Sometimes, the toughest act to follow is your own. A season after winning the 1956 Triple Crown with 52 home runs, 130 RBIs and a .353 batting average, Mickey Mantle had “only” 34 homers, 94 RBIs and a .365 average. He was asked to take a pay cut.
Imagine Mike Keiser’s circumstance at Bandon Dunes, a 1,200-acre golf resort on sand-strewn bluffs overlooking the Pacific Ocean. As principal owner and visionary of the property, Keiser started off with a business plan that would have fit on a cocktail napkin. In 1999, he stunned the golf industry with a sparkling design by previously unheralded Scottish-born designer David McLay Kidd that relied on wildly rolling, windswept fairways pocked by deep, revetted bunkers. The course, simply called Bandon Dunes, now sits at No. 5 on the Golfweek America’s Best Modern Courses list. Among the handful ahead of it is the resort’s second layout, Pacific Dunes, No. 2 on the list. Pacific, built on dunes that seemingly shift from day to day with the wind, solidified the reputation of emerging architect Tom Doak as a talented protege of the Alister MacKenzie school.
What to do with the third act? As usual, Keiser’s answer was to do something different. To start, he avoided the mistake made at a lot of properties, where owners ask an established architect to reprise an initial success on the same site. In choosing Bill Coore and Ben Crenshaw, Keiser ensured that he’d have a traditionally inspired layout, one without curbed cart paths, waterfalls, rock garden sculptures or the predictable load of “signature” celebrity-design schmaltz to ruin the ambience he had so assiduously cultivated the first two times around.
Unlike its adjacent siblings, Bandon Trails is an inland layout, with distant views and sounds of the ocean but no proximity to the shoreline. Initial plans called for the course to be on parkland. At Coore’s urging, the land for Bandon Trails was shifted to the west to include links-like dunes. A central spine or hill bisects the 270-acre routing, so the course starts and ends on sandy dunes but heads inland for the middle of the round. In this way, Bandon Trails avoids the fatal flaw of Spyglass Hill, which is to tease golfers with an early feel for the coast, then to get lost in the woods without returning.
Bandon Trails is brilliant. Like Bandon Dunes and Pacific Dunes, it is a walking-only course. The par-71 layout, measuring 6,839 yards from the back tees, kicks off with two pure linksland holes framed by beach grass, Scotch broom and gorse. The course then shifts to a modestly sloped interdunal meadow that has huckleberries, wildflower and both manzanita and madrone trees. The middle of the course, Nos. 7 through 13, works its way through an upland climax forest of fir, hemlock, spruce, cedar and pine trees, with an understory of rhododendrons. Then it’s back down through the meadow, with the 428-yard, par-4 18th completing the odyssey by bringing golfers back to the dunes.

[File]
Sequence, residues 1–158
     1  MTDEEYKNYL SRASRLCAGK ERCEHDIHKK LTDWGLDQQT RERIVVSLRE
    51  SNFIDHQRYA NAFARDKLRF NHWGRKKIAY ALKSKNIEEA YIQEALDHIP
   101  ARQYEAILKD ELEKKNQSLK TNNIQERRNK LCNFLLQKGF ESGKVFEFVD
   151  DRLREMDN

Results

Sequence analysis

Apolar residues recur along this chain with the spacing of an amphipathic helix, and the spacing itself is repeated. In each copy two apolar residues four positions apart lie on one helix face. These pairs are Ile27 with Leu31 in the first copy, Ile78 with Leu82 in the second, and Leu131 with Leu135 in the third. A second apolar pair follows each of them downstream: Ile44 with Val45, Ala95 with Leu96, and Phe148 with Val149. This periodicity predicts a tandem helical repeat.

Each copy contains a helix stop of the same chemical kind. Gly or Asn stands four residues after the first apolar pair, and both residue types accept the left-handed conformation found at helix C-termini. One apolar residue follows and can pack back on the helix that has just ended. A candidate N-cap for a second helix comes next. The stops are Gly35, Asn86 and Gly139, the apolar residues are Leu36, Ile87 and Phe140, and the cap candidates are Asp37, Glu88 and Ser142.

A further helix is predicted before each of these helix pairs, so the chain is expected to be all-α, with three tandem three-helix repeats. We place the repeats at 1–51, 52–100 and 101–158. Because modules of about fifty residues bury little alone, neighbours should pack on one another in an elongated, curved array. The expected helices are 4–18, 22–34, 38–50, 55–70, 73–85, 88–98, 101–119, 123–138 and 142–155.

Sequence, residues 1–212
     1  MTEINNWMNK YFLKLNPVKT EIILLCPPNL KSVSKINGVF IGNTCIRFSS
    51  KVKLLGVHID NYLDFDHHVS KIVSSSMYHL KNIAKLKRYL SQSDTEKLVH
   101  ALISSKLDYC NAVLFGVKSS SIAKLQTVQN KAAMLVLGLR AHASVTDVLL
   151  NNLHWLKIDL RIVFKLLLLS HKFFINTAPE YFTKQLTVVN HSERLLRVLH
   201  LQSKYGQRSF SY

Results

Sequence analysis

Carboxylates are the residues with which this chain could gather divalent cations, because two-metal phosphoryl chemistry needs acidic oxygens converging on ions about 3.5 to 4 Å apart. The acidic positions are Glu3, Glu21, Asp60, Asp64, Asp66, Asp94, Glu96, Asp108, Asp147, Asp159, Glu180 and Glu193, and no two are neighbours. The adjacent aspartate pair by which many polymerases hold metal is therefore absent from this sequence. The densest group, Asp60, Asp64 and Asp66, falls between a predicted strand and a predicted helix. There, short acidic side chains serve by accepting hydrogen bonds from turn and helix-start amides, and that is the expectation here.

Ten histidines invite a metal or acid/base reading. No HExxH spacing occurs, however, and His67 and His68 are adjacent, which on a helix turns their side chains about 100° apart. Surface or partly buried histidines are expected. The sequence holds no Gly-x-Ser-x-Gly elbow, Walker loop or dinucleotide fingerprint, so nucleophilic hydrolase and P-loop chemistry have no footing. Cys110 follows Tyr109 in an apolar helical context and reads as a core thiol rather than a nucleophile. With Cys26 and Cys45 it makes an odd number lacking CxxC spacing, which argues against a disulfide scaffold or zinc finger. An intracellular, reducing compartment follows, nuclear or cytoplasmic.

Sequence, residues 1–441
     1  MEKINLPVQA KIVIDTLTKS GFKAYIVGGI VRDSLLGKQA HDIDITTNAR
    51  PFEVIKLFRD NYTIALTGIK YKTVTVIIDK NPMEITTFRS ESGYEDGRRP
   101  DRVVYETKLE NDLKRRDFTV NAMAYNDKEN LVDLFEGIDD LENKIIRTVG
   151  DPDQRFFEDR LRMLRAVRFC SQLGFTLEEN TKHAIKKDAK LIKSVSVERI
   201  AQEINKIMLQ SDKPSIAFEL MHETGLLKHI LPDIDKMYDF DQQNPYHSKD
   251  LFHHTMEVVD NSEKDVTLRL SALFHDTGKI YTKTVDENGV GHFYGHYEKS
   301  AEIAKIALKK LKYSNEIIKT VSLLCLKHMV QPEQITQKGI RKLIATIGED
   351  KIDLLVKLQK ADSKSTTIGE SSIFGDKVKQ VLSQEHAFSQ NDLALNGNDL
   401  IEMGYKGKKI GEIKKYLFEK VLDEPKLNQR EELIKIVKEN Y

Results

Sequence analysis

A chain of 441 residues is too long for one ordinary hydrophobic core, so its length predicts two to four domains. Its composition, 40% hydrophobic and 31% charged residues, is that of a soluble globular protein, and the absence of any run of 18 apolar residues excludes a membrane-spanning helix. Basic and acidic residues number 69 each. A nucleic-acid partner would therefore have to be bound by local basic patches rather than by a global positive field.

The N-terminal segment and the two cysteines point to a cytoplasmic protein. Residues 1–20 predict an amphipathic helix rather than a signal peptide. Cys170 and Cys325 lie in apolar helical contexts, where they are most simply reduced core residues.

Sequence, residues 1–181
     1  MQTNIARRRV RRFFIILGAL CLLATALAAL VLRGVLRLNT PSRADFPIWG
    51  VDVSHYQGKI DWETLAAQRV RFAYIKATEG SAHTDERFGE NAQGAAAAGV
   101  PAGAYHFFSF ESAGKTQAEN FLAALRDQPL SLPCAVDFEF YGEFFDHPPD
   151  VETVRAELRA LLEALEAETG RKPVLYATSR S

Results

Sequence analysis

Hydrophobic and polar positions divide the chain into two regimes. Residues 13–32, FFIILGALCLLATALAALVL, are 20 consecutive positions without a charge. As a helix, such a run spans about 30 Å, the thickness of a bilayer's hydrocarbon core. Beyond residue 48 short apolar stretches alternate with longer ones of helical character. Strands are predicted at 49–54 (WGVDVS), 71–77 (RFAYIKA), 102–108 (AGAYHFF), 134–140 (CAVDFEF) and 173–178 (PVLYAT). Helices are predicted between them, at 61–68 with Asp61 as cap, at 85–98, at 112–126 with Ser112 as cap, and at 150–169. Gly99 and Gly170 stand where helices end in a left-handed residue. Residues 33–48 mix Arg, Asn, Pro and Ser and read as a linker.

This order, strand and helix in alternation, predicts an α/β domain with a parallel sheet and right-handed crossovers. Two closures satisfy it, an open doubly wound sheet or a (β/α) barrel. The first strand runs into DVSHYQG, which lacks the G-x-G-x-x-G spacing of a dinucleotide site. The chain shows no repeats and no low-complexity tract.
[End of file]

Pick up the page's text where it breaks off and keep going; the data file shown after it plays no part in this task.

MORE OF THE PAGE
The sense of journey across dunes, meadow and wooded scrubland evokes Cypress Point. Those familiar with Coore and Crenshaw’s other stunning designs will see glimpses of those here, too – the bold putting surfaces of Friar’s Head; the generous chipping areas of Hidden Creek; the imaginative use of cross-bunkered fairways that mark Talking Stick North and Cuscowilla; and the vast scale of features that fill up a wide canvas, the chief virtue of Kapalua’s Plantation Course.
The real challenge of this site was making the forested holes as compelling as the dunes and meadow holes that lie west of the ridgeline. There’s a lovely stretch here – and on parkland that could have been anywhere in the Northwest, certainly not unique to coastal Oregon. The long, wide, uphill 460-yard par-4 seventh hole is followed by the intimate and nearly driveable, 320-yard par-4 eighth, and then the starkly wooded 570-yard, par-5 ninth. The only let-up in imagination comes at Nos. 10 and 11, both par 4s with a bit too much open ground and symmetrical lines that are out of character with the rest of the property.
But all is forgiven over the next few holes: a long par 3 culled from Los Angeles North; a twisting par 4 to a green site perched like a saddle on a bucking horse; and then the par-4 14th hole, only 320 yards, downhill to a convex fairway and domed green that turn long drives into sucker shots.
Bandon Trails is an amazing place, all the more because it’s adapted for play from two contrary wind directions. Somehow, Keiser and Bandon have done it again.
This third act is a charmer.
And now there are rumors of a fourth.